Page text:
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Daily Newspaper and Travel Guide
for Pecos Country of West Texas

Tuesday, April 8, 2003

Water release vote is tabled by Red Bluff

Staff Writer

PECOS, Tues., April 8, 2003 -- Red Bluff Water Power Control Board members put off a decision on water releases from Red Bluff Lake to farmers downstream on the Pecos River for another month, during their monthly meeting today in Pecos.

The board tabled any vote on the release, opting to wait until May before making any decision on releasing water downstream, after the lake gained only 633 acre/feet of water during March. The additional water brought the lake's total to just over 60,000 acre/feet.

No water was released downstream in 2002, as the ongoing drought dropped lake levels to just over 40,000 acre/feet. Rains at the end of the year plus a water release from New Mexico raised the lake's level by 33 percent, but board members are still concerned the 60,000 acre/feet isn't enough for a release downstream.

"We'll wait until next month and see if we get a good thunderstorm before then," said managing director Randal Hartman at the end of today's meeting.

Only about 50 percent of the water released from Red Bluff Lake ever reaches farmers downstream, and the earthen dam at the lake requires at least 20,000 acre/feet of water in the lake to maintain its structural integrity.

The water release decision was one of only a handful of items the board covered in its 30-minute meeting.

Hartman told the board that Sun West Salt Co. had begun pumping salt water away from the river at Malaga Bend and into ponds on March 13. Board member Lloyd Goodrich said the water from a salt spring at the site was being pumped away at the rate of 502 gallons a minute.

The water is being pumped into ponds built next to the site. "When it gets full, they'll switch to another pond," Hartman said. "It's a switching operation - they let it evaporated and then they lay down another layer."

He said the water is fully saturated with salt and should cut the level of salt in the Pecos River and Red Bluff Lake, though initial readings have not come in yet. "I know when it evaporates really quick on a windy day, and it makes salt real fast," he said.

The board supported installation of outlet gauging stations at Imperial Reservoir, and approved work to underpin a weir that had some ground washed out by a water release. Cash disbursements, fund balance reports and accounts payable were also approved.

Board members were also told the Pecos River Compact Commission would be holding their annual meeting on Thursday, beginning at 9 a.m. CDT in Carlsbad, N.M. Agency reports will be heard, along with updates on several projects, including the Malaga Bend project.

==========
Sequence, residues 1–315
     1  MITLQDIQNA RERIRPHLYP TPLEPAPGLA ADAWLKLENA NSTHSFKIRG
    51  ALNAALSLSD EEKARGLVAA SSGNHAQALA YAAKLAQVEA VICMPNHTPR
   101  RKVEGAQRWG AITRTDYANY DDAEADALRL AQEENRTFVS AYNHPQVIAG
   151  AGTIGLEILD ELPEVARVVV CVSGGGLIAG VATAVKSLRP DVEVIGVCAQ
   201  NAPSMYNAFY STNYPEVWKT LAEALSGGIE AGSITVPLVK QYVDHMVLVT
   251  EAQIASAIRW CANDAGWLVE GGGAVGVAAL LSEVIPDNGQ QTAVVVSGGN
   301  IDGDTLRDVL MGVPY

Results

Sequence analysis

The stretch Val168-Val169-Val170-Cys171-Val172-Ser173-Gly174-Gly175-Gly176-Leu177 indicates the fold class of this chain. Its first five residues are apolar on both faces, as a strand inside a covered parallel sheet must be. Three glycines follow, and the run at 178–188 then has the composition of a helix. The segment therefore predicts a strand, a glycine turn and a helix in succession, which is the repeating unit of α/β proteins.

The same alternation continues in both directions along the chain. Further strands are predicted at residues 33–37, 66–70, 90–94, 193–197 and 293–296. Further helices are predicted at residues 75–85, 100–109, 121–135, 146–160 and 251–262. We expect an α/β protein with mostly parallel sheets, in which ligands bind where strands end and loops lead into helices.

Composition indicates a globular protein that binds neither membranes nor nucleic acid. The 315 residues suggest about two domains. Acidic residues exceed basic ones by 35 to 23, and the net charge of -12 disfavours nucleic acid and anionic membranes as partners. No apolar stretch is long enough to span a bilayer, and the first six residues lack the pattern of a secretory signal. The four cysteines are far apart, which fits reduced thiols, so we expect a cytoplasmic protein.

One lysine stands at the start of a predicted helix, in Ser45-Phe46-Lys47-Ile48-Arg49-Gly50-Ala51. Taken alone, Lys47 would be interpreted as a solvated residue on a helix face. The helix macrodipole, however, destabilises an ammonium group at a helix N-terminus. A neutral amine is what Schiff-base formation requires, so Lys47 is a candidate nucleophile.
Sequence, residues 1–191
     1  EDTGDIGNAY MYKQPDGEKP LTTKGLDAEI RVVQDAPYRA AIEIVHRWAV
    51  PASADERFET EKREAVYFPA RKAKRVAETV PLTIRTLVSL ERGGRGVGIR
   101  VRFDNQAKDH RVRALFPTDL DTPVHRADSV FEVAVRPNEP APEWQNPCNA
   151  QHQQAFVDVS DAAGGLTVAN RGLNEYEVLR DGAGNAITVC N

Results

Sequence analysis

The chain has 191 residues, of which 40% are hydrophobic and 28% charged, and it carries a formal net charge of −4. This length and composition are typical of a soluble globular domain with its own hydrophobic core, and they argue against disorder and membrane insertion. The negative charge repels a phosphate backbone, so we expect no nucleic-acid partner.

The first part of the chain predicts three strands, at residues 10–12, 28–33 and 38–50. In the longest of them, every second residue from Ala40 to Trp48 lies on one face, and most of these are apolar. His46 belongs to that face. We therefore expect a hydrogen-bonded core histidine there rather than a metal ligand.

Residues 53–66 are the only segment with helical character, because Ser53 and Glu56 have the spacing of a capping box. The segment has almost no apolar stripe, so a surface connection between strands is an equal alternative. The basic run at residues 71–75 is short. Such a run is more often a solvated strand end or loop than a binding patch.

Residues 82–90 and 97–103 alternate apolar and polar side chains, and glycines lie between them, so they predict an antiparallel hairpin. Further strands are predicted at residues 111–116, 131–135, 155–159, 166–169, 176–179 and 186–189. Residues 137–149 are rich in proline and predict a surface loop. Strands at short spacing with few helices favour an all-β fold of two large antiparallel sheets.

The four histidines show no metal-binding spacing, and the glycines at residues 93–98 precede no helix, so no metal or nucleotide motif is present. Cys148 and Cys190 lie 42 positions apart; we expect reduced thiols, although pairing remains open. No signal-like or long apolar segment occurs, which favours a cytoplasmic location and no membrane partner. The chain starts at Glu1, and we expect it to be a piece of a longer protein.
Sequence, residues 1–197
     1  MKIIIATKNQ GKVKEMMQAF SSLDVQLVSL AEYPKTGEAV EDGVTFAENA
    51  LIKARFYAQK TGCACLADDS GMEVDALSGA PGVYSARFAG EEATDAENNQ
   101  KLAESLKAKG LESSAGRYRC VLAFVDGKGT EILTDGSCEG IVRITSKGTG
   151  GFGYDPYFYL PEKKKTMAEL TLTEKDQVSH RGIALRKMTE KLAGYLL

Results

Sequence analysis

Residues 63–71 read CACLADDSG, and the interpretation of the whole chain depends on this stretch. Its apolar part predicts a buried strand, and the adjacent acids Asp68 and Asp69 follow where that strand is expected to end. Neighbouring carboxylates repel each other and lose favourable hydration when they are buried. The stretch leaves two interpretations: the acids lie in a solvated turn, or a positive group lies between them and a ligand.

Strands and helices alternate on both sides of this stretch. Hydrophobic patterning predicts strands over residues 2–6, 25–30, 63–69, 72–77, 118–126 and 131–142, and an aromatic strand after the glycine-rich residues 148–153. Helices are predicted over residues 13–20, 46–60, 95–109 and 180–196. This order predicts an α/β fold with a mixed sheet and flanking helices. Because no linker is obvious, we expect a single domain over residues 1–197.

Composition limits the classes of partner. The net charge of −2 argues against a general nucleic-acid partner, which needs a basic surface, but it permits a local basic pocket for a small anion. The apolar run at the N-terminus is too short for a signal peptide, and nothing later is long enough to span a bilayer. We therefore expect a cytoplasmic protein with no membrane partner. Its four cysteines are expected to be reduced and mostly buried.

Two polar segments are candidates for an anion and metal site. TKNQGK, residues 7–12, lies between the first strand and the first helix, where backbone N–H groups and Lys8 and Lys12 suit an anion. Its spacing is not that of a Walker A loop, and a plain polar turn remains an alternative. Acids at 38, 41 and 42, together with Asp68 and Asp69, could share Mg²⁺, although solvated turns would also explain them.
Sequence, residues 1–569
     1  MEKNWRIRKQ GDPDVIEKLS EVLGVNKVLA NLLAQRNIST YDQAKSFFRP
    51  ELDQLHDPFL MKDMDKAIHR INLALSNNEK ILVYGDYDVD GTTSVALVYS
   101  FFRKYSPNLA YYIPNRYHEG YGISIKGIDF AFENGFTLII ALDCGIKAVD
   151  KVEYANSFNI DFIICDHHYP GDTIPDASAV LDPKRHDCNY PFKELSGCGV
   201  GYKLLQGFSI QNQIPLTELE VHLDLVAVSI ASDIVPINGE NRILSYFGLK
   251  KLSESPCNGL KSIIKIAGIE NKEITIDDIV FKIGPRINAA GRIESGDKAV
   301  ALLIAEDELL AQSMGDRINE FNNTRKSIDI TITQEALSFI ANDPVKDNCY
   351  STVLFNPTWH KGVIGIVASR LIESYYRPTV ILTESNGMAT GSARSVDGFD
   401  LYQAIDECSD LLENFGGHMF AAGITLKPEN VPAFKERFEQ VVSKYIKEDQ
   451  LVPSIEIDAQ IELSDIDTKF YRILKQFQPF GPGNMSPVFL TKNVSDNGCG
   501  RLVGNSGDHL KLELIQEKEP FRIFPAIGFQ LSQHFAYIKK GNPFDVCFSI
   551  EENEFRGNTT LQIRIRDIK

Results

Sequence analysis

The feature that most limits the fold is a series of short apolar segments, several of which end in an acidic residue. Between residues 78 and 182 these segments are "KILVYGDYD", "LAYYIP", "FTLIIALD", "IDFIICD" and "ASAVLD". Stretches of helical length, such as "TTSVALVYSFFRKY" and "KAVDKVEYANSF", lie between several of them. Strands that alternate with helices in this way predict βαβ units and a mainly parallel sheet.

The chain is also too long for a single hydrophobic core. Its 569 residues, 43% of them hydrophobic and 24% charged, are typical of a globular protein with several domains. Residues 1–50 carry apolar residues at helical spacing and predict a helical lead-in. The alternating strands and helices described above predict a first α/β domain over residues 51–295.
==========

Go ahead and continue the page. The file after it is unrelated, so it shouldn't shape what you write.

Meeting held to coordinate Pecos Trails Program

PECOS, Tues., April 8, 2003 -- The TransPecos Foundation and the Texas Historical Commission hosted an organizational meeting March 25 in Iraan, for the Pecos Trail Region in an effort to coordinate cooperative regional support for the Texas Heritage Trails Program.

The March 25 meeting brought together 47 representatives from 13 of the 22 counties in the region, which stretches from north of Odessa to northwest of San Antonio, and resulted in broad based support for the project. A core committee was formed to handle the application process. However, it was emphasized that input at the community level was essential to the success of the application process.

The Pecos Trail Region is one of 10 heritage trails regions within the state. It encompasses 22 counties which include Andrews, Crane, Crockett, Ector, Edwards, Glasscock, Kimble, Kinney, Loving, Martin, Maverick, Midland, Pecos, Reagan, Reeves, Sterling, Sutton, Terrell, Upton, Val Verde, Ward and Winkler. It includes the cities of Pecos, Fort Stockton, Monahans, Odessa, Andrews, McCamey, Sanderson, Del Rio, Sonora, Ozona, Junction and Eagle Pass.

The Texas Heritage Trails Program aims to accentuate and preserve the region's existing cultural heritage and historic venues while also encouraging visitors to these destinations. The revitalization of local economies through regional marketing and the increased awareness of the importance of historic preservation are key aspects of the program. The Pecos Trail Region is full of unique historic sites that could generate revenues for small, rural West Texas communities.

As a designee, the Pecos Trail Region would allow communities to be eligible for partnership grants which would help fund community development and cultural heritage projects through advertisements and marketing efforts. Heritage tourism is a means to focus on the region's distinct past and encourage visitation.

Janie Headrick, Program Director for the Texas Heritage Trails Program, commended the participants for actively getting involved in this initial phase. She added it would take community support for all levels within the region to help passage of the Pecos Trail. Communities within the region are encouraged to support this initiative. The success of the region in earning trail designation depends on the region's ability to develop cooperative regional partnerships between communities supporting heritage tourism.